Students learn to love learning when grades are removed as the goal, writes Hadley Ferguson, a middle-school history teacher at Springside Chestnut Hill Academy in Philadelphia. She first experimented with the idea two years ago with her seventh-grade history class, in which students received feedback of praise for what they did well in their work and direction on how they could improve and what steps to take next. "Class becomes a safe place, rather than one where they are in danger of being exposed as inadequate," she writes in this blog post.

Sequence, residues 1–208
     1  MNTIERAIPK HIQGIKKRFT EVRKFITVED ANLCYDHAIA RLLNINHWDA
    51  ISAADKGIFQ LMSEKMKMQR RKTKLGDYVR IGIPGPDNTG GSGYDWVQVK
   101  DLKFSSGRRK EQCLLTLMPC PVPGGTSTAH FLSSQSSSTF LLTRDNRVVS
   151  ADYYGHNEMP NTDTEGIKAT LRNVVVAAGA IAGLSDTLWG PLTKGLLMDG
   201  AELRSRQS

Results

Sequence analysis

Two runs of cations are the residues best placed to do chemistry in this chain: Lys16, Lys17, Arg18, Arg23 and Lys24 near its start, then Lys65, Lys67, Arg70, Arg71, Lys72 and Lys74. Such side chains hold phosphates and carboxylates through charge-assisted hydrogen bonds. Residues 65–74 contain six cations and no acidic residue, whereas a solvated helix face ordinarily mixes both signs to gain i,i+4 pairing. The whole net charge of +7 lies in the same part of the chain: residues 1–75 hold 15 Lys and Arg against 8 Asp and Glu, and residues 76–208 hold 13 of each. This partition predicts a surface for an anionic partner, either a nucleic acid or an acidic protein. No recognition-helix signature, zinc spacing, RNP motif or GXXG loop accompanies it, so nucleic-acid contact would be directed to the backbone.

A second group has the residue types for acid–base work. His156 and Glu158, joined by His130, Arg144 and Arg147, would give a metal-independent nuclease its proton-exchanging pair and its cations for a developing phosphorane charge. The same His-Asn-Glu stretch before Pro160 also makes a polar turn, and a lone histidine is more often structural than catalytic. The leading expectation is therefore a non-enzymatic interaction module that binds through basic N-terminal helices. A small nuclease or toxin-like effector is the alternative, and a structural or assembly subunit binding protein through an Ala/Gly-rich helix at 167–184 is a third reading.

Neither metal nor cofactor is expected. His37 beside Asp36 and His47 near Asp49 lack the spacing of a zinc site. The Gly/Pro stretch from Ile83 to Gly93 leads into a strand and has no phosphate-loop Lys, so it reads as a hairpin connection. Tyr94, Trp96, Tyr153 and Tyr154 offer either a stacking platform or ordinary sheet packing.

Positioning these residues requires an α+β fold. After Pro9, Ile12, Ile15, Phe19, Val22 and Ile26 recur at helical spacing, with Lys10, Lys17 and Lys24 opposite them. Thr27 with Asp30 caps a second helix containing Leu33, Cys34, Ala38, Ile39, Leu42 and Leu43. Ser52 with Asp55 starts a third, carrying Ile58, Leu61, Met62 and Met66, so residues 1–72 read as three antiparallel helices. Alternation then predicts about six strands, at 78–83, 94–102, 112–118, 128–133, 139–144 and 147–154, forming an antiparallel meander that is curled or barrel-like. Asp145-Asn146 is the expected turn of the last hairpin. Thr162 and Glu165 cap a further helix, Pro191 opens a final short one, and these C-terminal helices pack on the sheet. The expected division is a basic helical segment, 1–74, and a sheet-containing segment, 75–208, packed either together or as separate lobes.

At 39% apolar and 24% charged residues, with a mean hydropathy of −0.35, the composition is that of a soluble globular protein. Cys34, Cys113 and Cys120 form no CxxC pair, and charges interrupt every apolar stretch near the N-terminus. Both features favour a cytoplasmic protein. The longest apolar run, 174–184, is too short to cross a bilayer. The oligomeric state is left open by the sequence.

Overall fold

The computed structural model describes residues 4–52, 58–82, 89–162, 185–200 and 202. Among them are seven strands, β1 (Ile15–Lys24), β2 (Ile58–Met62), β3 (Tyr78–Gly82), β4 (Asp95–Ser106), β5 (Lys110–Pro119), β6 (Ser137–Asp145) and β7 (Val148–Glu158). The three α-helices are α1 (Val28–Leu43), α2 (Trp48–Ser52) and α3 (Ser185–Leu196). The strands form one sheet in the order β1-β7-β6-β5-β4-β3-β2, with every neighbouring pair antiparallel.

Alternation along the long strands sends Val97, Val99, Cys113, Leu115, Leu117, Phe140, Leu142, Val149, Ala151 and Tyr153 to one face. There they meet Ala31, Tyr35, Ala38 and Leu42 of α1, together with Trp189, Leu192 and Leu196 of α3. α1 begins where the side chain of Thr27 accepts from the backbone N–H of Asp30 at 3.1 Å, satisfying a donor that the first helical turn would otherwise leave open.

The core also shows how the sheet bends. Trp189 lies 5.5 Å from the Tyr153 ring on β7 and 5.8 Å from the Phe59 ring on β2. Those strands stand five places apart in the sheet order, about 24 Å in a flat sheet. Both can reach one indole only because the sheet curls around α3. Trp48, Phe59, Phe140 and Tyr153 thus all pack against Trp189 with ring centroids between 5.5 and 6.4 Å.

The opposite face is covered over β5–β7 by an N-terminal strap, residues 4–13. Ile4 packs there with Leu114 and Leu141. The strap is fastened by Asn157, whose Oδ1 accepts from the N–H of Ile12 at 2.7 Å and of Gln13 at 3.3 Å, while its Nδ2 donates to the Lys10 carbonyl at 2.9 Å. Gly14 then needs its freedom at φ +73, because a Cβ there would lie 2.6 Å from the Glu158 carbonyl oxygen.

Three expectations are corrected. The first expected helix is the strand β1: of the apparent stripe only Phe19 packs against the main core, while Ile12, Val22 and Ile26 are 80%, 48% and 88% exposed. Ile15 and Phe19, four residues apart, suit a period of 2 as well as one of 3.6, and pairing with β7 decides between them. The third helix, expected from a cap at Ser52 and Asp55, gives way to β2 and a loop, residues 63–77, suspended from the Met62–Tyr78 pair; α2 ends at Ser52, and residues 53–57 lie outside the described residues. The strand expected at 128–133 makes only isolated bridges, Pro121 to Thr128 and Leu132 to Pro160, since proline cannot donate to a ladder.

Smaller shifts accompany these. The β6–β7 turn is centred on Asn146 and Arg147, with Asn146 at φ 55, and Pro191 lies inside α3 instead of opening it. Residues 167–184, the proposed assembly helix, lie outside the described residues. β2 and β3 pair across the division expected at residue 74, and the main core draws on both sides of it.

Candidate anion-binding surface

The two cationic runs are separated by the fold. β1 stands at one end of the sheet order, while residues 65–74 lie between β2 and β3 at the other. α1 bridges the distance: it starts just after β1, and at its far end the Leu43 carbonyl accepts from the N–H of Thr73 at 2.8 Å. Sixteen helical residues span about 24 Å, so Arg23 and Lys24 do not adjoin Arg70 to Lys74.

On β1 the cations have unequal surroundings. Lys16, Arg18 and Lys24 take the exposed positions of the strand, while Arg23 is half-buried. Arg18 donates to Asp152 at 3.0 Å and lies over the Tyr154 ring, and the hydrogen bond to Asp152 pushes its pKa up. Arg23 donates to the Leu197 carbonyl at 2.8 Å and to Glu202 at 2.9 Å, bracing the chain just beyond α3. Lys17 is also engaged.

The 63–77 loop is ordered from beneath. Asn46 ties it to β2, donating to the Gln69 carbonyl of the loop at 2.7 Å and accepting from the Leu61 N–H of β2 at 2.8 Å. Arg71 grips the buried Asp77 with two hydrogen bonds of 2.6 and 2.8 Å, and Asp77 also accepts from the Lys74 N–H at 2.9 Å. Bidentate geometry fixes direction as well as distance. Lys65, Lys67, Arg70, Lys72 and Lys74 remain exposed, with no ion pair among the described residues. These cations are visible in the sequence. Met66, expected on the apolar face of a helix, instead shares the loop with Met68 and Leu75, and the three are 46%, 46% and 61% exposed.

Would students do better without grades?
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